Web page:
No Balls of any description are now followed by a free hit and in this match were also followed by enquiries from Mr Shafaqat such as “What Rules are we playing today then?” to which Umpire McTaggart always had a ready answer.


BenDog, fresh from 98 v Challow was by now batting like a million dollars which you might expect for someone who works for an American investment bank even if it is just loose change.


Eventually BenDog was rather well caught, for a fine 64 of a partnership of 136 at 146 for 2. SamDog arrived and hit one blistering cover drive before smearing a long hop only to see one of the young opening hurtlers dive full length and catch him. Captain Birdseye arrived, smashed the leather off a half volley only to see Hurtler No 3 grab a caught and bowled with both hands.


So having watched the seam bowlers spray it around, three fine catches had been taken and we were a bit shakey (or ShakEy) at 160-odd for 4.


Lloydy came in to bat wearing a Gerrards Cross shirt with “The Ceramic Tile Co” emblazoned on the front which was proof that he has not paid a sub for about nine years or obtained any of the goodies that go with it. He may however have had his bathroom fitted for free.


He was cautious to start with as if sampling a new wine. He also developed a new batting technique which involved using the bat more than the pad.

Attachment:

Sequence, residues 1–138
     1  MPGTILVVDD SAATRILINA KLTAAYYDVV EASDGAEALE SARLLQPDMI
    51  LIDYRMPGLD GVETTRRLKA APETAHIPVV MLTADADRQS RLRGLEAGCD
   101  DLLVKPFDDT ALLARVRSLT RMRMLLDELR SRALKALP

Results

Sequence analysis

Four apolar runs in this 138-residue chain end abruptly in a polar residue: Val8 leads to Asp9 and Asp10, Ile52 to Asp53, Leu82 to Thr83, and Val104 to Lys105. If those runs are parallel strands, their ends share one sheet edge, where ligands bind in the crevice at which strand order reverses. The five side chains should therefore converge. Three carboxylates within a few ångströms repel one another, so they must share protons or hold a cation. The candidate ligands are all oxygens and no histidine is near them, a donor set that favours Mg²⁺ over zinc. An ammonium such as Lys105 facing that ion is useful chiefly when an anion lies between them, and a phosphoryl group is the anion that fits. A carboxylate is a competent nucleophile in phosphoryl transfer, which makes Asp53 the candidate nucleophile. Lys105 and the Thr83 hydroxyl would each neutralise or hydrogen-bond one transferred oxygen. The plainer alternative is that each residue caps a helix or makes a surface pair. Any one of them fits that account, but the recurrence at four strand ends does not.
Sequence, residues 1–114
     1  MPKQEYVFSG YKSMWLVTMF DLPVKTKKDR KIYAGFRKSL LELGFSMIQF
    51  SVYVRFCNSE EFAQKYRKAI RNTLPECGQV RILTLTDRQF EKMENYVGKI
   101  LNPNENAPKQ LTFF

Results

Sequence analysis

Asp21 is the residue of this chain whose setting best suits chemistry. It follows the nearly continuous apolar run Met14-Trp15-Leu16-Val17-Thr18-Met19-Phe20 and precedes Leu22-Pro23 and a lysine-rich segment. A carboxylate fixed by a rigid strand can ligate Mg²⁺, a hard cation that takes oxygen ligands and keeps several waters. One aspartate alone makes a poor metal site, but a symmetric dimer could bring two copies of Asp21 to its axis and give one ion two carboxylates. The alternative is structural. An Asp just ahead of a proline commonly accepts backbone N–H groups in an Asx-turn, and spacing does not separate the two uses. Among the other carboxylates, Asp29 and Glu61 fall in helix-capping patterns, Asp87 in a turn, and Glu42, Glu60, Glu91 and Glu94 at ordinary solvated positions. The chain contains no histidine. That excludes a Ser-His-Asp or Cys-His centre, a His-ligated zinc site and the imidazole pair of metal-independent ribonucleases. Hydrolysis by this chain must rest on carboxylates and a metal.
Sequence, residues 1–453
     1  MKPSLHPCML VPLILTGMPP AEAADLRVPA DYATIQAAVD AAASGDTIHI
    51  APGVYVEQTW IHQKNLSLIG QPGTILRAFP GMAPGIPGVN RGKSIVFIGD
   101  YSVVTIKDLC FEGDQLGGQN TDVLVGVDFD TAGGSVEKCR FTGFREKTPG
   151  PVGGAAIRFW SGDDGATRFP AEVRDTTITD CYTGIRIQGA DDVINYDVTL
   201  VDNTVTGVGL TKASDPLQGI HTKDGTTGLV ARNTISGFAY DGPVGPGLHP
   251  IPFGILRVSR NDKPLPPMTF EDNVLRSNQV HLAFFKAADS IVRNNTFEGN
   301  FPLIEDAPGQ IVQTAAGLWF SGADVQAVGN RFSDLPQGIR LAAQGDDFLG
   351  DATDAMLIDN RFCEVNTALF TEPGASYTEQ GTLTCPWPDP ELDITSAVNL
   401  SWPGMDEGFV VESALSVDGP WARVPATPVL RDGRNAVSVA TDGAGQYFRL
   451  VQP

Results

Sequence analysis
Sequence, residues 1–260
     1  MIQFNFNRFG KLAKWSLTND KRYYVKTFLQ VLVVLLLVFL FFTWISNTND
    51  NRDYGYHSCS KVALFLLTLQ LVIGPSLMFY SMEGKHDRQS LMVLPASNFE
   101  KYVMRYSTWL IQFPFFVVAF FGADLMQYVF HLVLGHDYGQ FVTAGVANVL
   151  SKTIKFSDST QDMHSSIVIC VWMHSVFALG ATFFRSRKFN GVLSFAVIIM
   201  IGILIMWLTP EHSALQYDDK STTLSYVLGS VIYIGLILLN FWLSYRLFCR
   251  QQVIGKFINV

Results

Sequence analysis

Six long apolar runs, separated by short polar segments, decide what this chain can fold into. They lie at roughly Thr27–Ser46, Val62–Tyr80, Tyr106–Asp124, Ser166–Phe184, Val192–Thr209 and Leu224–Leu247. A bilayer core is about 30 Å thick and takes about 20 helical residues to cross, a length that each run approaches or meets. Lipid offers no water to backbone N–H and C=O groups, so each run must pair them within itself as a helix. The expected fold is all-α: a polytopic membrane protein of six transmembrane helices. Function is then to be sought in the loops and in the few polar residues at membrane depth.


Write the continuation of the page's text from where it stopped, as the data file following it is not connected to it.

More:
RolfeDog – who had by now been batting so long and so slowly that everyone on the boundary was asleep – agreed with Lloydy that they would play out the overs of accurate non-spinning off-spin form Shafaqat and another decent bowler whose identity remains unclear at the time of writing. It might have been Majid Aslam however he has only been credited with bowling four overs on the Cherwell League report card.


No doubting who Umpire McTaggart was however and the innings continued well until he signalled a wide off a delivery that hit Lloydy’s ample figure, almost dislodging a few ceramic tiles in the process, at which point both RolfeDog and Lloydy did the decent thing and told Umpire McTaggart to pull himself together and withdraw the wide call.


Lloydy had wandered slowly down the wicket to make himself understood and Twyford took the opportunity to return the ball and take the bails off in a kind of Gentlemanly-Act-Meets-Ungentlemanly-Act. Mr Shafaqat again got in a bit of a kerfuffle. I do understand that it is not always clear from Lloydy’s running speed whether he is attempting a run or not but this was not in the Spirit of Cricket so McTaggart intervened with “I’m Not Having THAT, I’ve Called Dead Ball” and so we resumed.